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 How the World Bank works
Posted: Feb 23 2017, 11:34 PM

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The World Bank has the ability to finance in whole or in part investment projects relating to a country's infrastructure and output: industry, agriculture, education, transport, etc. Up to 10 loans can be issued by the WB at a given time.

The WB can also loan two "Third Window" loans, giving the recipient country 20 credits to invest in another country.

The Bank fund is the amount of credits the WB has to give out in loans. As of January 1990 there are 300 credits in the fund.

The Board of Directors as of 1990 consists of the USA, UK, France, Germany, India and Japan. An investment project requires 5 out of 6 Directors to give their consent. In the event a member isn't being played, its vote doesn't count.

Every three years (next in September 1993) one of the Directors can be replaced by a majority vote among World Bank members. Once this vote is done, another is held on the same turn in which members "pledge" credits to nominate themselves. The country that pledges the most credits wins the election. In the event of a tie the other Directors (except the one being replaced) decide who wins. The credits pledged by the winner go towards the Bank fund. Note that the Director voted out can "buy back" their position by pledging the most credits.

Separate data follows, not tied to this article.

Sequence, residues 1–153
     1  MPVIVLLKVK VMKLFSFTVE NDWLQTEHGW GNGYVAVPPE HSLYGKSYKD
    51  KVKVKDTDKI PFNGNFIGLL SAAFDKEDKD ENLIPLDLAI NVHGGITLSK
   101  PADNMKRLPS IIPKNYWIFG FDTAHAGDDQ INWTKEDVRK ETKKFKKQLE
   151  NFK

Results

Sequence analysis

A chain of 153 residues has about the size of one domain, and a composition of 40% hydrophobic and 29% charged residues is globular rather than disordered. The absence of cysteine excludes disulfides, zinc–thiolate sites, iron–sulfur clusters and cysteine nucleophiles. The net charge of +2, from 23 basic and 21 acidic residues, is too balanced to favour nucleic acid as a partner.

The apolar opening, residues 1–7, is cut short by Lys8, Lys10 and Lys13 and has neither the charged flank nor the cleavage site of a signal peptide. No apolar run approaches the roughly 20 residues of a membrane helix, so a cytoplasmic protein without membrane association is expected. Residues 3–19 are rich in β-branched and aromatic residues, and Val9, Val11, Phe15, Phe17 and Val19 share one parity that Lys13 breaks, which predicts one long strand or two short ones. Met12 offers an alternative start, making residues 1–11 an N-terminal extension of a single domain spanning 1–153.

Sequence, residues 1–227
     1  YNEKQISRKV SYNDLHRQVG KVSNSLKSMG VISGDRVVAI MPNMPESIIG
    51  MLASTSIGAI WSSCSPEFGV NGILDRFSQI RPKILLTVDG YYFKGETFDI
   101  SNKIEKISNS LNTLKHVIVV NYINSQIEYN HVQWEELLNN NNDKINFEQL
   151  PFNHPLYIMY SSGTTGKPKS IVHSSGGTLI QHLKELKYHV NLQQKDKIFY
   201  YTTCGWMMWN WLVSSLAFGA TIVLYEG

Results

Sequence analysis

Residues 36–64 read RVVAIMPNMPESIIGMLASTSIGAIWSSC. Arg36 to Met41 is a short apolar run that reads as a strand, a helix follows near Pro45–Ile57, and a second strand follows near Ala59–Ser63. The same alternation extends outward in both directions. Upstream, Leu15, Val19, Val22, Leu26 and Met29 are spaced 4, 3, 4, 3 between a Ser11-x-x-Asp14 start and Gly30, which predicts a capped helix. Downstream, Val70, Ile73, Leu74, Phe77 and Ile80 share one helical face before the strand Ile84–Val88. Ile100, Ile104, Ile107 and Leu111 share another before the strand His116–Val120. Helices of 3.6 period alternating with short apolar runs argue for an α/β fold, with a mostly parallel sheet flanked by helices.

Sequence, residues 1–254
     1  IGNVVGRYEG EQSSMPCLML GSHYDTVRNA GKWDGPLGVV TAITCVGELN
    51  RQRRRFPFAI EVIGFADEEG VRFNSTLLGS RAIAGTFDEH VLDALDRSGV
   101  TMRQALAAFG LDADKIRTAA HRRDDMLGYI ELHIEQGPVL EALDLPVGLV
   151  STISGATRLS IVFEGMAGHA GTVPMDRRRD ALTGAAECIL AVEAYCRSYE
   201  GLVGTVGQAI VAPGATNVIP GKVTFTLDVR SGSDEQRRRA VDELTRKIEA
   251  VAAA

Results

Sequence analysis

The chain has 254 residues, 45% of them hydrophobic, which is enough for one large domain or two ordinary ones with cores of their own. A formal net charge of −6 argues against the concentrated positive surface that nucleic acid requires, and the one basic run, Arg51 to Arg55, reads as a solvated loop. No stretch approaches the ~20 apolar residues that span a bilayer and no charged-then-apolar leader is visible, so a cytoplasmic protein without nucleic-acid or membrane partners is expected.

Loans last for a minimum of 5 and a maximum of 25 years. The extent of the loan is set by the Directors when issuing it.

In order for a loan to occur, the Directors of the Bank determine what foreign country or countries (provided they're Bank members) will get increased economic influence in the recipient country. This can cause it to gain economic growth of its own while of course potentially increasing the dependence of the recipient's economy on it.

Failure to pay back or repudiation of a World Bank loan causes all the Director countries that supported the loan to suffer economically for a certain amount of time (how much is told to the Directors when deciding on the loan.) If a Director country did not support the loan, it will face no adverse effects in the event of its failure.

A World Bank investment project never experiences delays or additional investment costs except from war or attack by a militant group.

States that do not belong to the World Bank as of January 1990 include the USSR, Hungary, Cuba, North Korea, Vietnam, Albania, Taiwan, Monaco, Liechtenstein, Andorra and Vatican City.

Will Smith
GM of BoP XV

John Reed in the Mexican Revolution game
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